The Help America Vote Act (HAVA) was passed in 2002 as a response to some of the issues that arose during the 2000 United States presidential election. One of the goals of HAVA was to ensure that individuals with disabilities can vote privately and independently. Since HAVA’s inception, there have been several attempts to make voting accessible, but very little real progress has been demonstrated. For example, most polling places make an official available to help those with visual disabilities to write in a candidate’s name. To our knowledge, there is no voting system today that allows blind voters to write in a candidate’s name independently and privately.
An accessible proof-of-concept system, Prime III, incorporates a universal design allowing those with disabilities, including visual and motor impairments, to vote and to write in a candidate’s name privately and independently. Prime III uses a multimodal interface design to accommodate a greater number of people with disabilities. Voters can use touch or voice to cast their votes with Prime III.
The requirement that voting systems keep voter selections private poses a problem for voting systems that integrate speech interaction into the voting process; bystanders may have the opportunity to overhear a voter’s selection. To preserve ballot anonymity, bystanders must not be able to hear whom a voter selects for any office or the voter’s decision on any proposition. Therefore, during the voting process, voters cannot simply say the name of the candidates for whom they wish to vote.
The speech interface of Prime III implements an interaction in which the voter does not need to verbalize a candidate’s name. Each option is presented to the voter through a headset in random order; when the voter hears the desired option, he or she says “vote” or simply blows into the attached microphone. When voters do not wish to choose the current option, they do not say anything, and the system moves on to the next prompt. An example dialogue follows:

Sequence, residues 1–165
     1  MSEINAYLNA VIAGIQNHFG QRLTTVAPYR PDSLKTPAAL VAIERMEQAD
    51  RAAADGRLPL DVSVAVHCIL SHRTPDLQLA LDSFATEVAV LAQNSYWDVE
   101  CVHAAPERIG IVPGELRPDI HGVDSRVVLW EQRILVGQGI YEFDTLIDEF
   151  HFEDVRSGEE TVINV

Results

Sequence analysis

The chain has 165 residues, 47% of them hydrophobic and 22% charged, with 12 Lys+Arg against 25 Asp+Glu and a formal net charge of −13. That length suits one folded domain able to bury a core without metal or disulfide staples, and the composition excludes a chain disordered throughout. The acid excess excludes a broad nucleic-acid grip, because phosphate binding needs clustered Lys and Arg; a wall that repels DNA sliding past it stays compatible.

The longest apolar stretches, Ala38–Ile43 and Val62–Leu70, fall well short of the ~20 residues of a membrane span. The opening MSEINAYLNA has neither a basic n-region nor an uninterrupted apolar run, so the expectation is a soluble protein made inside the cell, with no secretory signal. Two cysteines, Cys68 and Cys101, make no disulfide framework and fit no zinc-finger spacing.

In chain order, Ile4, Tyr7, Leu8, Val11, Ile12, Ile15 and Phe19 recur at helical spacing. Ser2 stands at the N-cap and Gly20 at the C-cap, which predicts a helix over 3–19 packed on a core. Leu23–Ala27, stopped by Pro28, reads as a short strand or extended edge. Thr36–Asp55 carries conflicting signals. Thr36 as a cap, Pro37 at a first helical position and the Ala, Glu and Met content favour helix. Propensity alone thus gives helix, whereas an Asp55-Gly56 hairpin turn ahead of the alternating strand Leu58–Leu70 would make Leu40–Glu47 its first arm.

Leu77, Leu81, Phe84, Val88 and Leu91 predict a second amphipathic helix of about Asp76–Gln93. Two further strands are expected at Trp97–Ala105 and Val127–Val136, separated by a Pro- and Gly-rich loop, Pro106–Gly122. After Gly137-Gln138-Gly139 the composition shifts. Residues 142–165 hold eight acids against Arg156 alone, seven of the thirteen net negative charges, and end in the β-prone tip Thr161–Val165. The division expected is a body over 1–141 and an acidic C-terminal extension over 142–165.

Prime III: “To vote for the Republican Party, say ‘vote.’”
Voter says nothing.
Prime III: “To vote for the Democratic Party, say ‘vote.’”
Voter responds: “Vote.”
In this example, the voter chose to vote for the Democratic Party. With this type of interface, voters make their selections by simply saying “vote,” and bystanders only hear the word “vote,” which ensures the privacy of the voter and the anonymity of the voter’s ballot.
In a similar fashion, the write-in option can be presented to the voter through speech. When there is no candidate on a ballot for whom the voter wants to vote, the voter must spell the name of the candidate they intend to write in. Prime III uses alphabet clustering (a modified binary search) to traverse the letters of the alphabet and name prediction to reduce the length of time a voter would normally take to spell a candidate’s name.
The ultimate goal of electronic voting systems today should be a single design that allows everyone to vote privately and independently. While Prime III does not realize that goal for all voters, it does provide a mechanism for many voters with disabilities to cast their ballots with greater privacy and dignity than most currently used systems.